The automotive interior as architecture.
Once the era of motorized buckboards passed and the automobile became modern in the 1920s, the automotive interior has always had a lot of style. You don’t have to look further to see it than the streamline moderne detailing of luxury cars during the 1930s and 1940s or the Googie-style details of the cars of the 1950s and 1960s, themes that reflected the fascination of the times with aircraft, rockets and the future.
Streamline Moderne (the Czech designed Tatra Valuta)
Googie Style Architecture and Car ('57 Chevy tailfin detail)
Even the interior of luxury cars from the 1970s had a look of living rooms with wall-to-wall carpeting from residential housing of the era, while retro-theme cars of the 1990s and the 2000s had a certain post-modern connection.
Yet automotive interiors have also always had a link to architecture through an emphasis on function. Like architecture, the automobile is an instrument of both art and utility, and it has been a self-conscious machine for living since the days of Le Corbusier. Today, automotive designers frequently say that the interior of an automobile is almost always the most well designed environment any individual is likely to encounter on a daily basis.
Human factors have long been a crucial part of automotive design. You can sense this particularly in the interior of Honda automobiles, which are formatted very rigorously to meet standards of exterior visibility/driver sightlines, seating comfort, control location, control effort levels, and control feedback. The reason that a Honda feels so natural and intuitive to drive lies in this careful attention to detail in the layout of the driving position. No matter which car company you’re talking about, the packaging of human occupants (both driver and passengers) is a top priority, and it’s always most important in affordable, practical everyday sedans and less so in high-performance cars. Ironically, the interior of a Chevrolet Cruze sedan is a more ergonomically sound place to sit than the cockpit of a Chevrolet SS racing car that you see in NASCAR.
Just like architectural environments, automotive interiors often have themes. You see this particularly in BMWs and Porsches, which typically promote a performance-style, driver-centric cockpit, while a Lexus sedan promotes a non-confrontational environment like a living room. Different trim levels also deliver different messages, from the high-tech aluminum, carbon fiber and artificial suede of a Ferrari 458 sports car to the natural leather, wood and wool of a Jaguar XJ luxury sedan. Interior designers obsess over color values and materials, and even the cheapest cars have the colorful playfulness that you might find in a kitchen tool from IKEA.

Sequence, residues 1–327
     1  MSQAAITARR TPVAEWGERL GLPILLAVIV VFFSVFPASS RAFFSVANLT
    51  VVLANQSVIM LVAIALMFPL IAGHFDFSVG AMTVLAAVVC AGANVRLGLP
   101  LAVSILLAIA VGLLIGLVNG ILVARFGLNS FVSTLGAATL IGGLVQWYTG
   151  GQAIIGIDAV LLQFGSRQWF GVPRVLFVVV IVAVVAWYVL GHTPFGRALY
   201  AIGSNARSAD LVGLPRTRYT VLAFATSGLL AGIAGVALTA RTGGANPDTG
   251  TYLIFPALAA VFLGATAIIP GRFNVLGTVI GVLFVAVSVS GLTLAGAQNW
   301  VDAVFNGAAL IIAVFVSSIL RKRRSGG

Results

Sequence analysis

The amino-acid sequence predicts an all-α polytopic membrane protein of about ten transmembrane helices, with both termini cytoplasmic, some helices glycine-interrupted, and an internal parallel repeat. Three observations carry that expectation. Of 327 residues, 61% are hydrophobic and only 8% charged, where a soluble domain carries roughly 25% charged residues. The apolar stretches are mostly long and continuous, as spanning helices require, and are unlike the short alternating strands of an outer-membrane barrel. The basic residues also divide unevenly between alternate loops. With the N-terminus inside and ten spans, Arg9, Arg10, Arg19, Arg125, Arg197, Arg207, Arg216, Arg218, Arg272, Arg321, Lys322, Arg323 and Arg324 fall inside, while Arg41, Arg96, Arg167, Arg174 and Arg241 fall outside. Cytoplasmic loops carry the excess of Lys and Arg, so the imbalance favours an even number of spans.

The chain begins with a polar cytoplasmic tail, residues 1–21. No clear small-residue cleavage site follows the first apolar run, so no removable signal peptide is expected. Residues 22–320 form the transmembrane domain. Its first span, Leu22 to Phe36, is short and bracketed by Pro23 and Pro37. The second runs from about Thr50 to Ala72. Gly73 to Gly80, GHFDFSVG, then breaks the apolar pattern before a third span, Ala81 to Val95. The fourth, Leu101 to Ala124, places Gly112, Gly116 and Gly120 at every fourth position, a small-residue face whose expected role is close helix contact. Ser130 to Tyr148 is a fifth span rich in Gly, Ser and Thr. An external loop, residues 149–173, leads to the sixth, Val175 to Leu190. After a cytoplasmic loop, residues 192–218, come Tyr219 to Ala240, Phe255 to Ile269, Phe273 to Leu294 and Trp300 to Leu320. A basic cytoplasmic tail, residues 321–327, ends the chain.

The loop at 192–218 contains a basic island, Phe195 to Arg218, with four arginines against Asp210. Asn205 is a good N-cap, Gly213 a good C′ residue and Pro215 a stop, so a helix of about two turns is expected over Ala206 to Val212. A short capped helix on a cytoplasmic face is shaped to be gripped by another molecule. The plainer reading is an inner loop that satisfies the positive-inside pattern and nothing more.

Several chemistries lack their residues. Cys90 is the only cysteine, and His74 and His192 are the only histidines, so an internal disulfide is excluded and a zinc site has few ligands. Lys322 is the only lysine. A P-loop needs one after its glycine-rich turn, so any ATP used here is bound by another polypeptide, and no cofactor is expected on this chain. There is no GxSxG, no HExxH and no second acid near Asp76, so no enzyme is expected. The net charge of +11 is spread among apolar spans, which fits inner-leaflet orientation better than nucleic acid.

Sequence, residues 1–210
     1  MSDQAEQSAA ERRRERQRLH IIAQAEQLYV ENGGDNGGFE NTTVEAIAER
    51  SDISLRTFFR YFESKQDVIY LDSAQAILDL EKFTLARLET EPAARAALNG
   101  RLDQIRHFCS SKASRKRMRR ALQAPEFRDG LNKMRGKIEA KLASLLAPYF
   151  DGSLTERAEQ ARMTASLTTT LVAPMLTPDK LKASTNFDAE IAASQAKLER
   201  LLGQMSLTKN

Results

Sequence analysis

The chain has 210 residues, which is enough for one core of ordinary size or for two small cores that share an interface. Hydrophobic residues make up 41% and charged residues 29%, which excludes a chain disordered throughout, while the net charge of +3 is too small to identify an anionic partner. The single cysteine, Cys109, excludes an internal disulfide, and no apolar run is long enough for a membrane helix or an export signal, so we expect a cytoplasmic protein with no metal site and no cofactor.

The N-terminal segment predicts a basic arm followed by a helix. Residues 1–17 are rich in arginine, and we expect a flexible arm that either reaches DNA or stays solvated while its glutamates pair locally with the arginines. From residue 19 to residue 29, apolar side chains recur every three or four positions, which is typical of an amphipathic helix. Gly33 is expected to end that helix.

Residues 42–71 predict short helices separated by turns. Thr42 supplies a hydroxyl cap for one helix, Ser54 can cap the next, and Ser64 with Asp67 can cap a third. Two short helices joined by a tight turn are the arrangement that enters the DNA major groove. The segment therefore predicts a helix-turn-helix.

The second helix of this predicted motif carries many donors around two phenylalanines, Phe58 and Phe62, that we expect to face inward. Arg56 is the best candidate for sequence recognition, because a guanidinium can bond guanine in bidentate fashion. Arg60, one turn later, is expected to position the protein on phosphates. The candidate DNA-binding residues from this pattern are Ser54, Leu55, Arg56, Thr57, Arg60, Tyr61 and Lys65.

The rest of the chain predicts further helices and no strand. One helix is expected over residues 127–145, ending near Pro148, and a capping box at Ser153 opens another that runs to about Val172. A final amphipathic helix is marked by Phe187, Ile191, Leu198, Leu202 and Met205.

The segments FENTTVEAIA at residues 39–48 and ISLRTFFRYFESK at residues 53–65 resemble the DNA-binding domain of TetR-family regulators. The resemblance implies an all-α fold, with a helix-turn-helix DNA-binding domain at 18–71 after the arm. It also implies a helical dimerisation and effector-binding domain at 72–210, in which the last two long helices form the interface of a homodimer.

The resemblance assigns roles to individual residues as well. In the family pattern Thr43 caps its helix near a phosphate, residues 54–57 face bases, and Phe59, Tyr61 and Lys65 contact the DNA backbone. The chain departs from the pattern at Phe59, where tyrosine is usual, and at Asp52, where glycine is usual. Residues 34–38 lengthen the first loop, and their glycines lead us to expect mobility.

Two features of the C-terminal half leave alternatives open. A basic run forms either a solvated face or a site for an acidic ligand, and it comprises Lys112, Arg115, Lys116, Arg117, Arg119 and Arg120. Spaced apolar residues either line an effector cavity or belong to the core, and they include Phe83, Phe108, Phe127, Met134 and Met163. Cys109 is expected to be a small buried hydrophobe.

Interior of Ferrari 458
Interior designers have come a long way in utility, and you have only to appreciate the way in which a minivan incorporates simplified access, seats that slide, recline, and fold (and even disappear altogether into the floor altogether like the third-row seat), electronic entertainment for both front and rear passengers (from video screens to individual outlets for iPods), and a wide variety of storage cubbyholes. Indeed, the minivan is perhaps the highest expression of friendly packaging for humans on the planet.
Mazda5 Minivan Interior
The biggest challenge at the moment to both architects and the designers of automotive interiors lies in the integration of electronics. Arguably, architects are doing a far, far worse job of it. Anyone who has tried to locate the central control for the lights in a high-style hotel room and then decipher its operation (if labeling is included, it is always illegible) will recognize this. Meanwhile, similar attempts to integrate controls for entertainment devices, connect rooms electronically to centralized Internet-style information, and even deliver telephone service are comically inept. As one who has had the privilege of frequently staying in some of the finest modern hotels as part of my business travel, I can say that virtually none of them would pass muster in the design studio of any car company on the planet, from the way the door to the shower stall opens to the way the toilet flushes. For architects, design now is apparently style, not a strategy for utility. The design model here appears to be the television remote, widely acknowledged as the awful-est electronic instrument known to man.